These West African wax prints tell a story
A brand named Vlisco has long been in the business of selling wax print textiles in African countries such as Ivory Coast, Ghana and Nigeria where these fabrics were used in traditional wrapped fashion styles.
Sellers used to tell stories about the prints to make them more attractive to their customers. The above Vlisco classic for instance, depicting birds escaping a cage, is called ‘Si Tu Sors Je Sors’, French for “if you cheat on me, I’ll cheat on you.”
The 1945 design ‘Six Bougies’ (six spark plugs) originally signified wealth, but in recent years it has come to mean a woman who can take on six men.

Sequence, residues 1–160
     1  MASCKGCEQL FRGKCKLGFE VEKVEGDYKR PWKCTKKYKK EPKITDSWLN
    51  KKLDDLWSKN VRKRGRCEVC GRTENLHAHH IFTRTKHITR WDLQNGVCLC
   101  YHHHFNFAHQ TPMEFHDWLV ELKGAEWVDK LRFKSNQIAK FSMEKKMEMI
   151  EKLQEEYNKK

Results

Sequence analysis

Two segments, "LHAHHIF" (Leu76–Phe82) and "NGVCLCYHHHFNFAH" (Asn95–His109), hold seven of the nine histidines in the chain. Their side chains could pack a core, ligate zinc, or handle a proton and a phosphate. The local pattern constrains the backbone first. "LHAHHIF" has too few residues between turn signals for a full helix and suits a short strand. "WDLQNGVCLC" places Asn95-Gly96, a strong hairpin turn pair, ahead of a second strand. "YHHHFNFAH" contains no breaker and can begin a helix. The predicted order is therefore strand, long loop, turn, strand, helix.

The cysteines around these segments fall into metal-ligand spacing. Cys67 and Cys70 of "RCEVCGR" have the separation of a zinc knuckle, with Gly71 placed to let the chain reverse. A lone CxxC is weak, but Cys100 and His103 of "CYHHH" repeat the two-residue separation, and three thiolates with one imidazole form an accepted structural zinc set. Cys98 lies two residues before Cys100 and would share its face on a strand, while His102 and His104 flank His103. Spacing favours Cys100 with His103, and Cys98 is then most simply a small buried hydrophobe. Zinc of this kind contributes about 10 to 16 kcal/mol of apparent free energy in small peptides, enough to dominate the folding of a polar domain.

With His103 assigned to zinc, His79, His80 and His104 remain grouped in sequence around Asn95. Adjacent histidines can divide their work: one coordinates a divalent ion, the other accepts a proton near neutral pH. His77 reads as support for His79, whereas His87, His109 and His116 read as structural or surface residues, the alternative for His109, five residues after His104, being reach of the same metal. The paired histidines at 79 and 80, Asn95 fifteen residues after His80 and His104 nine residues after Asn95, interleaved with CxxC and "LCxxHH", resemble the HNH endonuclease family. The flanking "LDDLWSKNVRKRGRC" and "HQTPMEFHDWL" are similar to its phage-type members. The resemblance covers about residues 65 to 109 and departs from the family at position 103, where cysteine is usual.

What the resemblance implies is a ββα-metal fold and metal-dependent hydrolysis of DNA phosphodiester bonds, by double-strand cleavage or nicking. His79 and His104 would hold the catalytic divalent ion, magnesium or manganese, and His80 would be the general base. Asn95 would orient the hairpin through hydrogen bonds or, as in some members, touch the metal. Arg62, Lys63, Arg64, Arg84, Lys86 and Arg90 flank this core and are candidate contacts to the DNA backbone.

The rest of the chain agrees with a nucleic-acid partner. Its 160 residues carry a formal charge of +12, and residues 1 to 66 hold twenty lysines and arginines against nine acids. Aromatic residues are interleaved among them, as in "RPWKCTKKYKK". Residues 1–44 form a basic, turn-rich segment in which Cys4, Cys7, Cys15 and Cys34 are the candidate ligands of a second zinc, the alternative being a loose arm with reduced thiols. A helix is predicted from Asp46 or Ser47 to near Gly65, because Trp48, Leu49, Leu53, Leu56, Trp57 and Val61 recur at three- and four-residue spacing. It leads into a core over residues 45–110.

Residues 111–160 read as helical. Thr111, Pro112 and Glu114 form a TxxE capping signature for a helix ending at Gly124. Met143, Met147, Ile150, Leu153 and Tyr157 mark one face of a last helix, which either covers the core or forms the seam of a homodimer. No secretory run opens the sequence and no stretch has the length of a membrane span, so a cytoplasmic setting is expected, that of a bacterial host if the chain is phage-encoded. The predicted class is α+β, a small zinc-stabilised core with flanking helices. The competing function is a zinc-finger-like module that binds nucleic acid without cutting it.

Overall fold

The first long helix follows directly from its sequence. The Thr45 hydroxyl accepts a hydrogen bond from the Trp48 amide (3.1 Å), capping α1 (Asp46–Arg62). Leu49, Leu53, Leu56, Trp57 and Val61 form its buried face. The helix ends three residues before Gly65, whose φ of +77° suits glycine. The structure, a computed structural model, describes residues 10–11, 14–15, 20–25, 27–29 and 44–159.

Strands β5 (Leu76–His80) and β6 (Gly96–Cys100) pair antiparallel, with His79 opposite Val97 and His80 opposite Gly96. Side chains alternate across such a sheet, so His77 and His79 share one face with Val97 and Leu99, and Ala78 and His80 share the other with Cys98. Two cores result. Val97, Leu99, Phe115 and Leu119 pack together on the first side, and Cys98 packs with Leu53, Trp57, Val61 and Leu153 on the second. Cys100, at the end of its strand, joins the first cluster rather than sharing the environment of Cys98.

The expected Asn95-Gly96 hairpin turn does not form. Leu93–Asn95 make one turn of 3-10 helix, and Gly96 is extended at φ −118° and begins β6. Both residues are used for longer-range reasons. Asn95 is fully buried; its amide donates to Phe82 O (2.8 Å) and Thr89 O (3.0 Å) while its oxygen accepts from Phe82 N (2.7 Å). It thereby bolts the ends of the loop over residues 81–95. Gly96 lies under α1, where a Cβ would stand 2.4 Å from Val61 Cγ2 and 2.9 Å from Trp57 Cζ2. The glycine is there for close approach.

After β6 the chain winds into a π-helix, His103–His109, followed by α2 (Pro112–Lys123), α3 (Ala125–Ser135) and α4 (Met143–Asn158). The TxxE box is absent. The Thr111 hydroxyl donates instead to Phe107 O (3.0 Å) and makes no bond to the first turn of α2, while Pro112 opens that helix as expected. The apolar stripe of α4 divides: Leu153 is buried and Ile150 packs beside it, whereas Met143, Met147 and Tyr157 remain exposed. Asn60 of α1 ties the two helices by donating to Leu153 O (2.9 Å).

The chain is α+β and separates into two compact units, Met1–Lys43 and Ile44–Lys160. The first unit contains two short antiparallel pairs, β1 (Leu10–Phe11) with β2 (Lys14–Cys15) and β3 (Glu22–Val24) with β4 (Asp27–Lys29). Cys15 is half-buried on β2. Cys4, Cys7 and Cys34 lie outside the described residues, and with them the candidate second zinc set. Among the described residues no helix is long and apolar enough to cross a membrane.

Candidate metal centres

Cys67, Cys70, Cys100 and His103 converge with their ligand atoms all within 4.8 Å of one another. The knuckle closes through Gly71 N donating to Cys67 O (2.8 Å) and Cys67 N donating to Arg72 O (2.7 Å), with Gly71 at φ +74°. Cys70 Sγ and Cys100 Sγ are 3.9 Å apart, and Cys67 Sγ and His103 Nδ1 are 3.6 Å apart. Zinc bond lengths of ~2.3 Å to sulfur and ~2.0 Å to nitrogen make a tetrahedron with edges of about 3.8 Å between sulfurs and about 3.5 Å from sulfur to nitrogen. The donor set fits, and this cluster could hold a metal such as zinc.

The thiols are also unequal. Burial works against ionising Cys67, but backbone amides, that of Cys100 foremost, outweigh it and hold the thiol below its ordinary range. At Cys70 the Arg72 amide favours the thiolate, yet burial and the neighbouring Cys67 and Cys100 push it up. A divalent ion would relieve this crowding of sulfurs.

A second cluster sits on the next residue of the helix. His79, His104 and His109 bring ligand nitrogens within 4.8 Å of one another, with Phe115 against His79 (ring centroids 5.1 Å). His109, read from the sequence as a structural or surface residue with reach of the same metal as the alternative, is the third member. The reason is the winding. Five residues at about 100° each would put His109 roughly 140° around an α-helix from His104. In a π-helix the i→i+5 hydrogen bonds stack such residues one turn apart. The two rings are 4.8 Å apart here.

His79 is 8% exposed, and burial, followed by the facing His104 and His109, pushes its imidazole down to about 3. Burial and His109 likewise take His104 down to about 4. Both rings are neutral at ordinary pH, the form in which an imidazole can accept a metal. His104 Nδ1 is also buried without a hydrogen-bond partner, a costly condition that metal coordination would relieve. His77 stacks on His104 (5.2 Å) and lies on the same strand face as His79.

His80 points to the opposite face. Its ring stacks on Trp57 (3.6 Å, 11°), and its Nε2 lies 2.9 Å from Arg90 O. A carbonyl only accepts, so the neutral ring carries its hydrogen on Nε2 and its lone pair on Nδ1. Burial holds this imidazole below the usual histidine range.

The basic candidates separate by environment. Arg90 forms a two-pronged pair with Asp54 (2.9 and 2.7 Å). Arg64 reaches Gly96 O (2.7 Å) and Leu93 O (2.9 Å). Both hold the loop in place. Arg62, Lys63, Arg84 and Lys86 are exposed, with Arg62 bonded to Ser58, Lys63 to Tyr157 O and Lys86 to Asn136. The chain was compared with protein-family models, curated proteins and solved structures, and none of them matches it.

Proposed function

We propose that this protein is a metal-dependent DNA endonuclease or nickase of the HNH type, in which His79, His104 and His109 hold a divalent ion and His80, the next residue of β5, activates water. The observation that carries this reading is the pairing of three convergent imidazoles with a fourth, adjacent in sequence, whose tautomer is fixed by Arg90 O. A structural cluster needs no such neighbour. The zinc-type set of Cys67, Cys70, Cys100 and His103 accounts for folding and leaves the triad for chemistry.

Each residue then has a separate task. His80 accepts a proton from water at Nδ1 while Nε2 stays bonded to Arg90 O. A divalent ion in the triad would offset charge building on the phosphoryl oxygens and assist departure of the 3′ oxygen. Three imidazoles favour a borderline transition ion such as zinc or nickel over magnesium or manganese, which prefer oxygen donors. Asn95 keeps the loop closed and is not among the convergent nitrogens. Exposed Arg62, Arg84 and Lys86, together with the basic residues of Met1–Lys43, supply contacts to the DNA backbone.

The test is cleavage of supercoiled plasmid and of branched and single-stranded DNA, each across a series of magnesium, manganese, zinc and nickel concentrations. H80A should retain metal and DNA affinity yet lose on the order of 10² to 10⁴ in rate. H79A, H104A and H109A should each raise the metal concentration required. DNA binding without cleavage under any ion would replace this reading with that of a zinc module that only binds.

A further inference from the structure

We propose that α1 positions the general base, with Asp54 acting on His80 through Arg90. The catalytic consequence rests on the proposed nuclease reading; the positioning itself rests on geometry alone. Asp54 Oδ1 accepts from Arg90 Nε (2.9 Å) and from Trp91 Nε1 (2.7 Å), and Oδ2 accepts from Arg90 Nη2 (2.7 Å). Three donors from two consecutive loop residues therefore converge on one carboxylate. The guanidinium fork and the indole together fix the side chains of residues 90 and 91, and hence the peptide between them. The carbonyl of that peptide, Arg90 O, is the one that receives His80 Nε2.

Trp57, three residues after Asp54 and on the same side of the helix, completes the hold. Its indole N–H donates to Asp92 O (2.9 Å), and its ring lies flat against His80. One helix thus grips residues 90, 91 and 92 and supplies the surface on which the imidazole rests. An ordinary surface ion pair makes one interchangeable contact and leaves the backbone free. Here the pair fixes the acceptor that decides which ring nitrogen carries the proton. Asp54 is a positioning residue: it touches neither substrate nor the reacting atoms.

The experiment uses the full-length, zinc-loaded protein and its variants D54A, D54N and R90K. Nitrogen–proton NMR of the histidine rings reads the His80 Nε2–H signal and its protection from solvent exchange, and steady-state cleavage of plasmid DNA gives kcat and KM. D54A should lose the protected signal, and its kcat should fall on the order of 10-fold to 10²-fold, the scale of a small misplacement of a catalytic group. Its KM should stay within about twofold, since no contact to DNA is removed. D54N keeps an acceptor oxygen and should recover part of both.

These very African textiles originally came from Indonesia by way of the Netherlands. Somewhere during the 1860’s, Messyness Chic reports, the uncle of a Dutch entrepreneur convinced his nephew to use a recently acquired factory in Helmond to produce batik, wax-dyed cloth.
Making batik the Indonesian way, by hand, took a lot of time, so using machines to do the work would cut down on the cost. Unfortunately for Vlisco, these machine produced textiles could not compete with the real thing and the Indonesians rejected them. However, the little flaws in Vlisco’s product appealed to West Africans because it meant every garment would be unique.
Although Vlisco only has stores in Africa, in 2014 the company created a special edition fabric to commemorate the inauguration of the new Dutch King.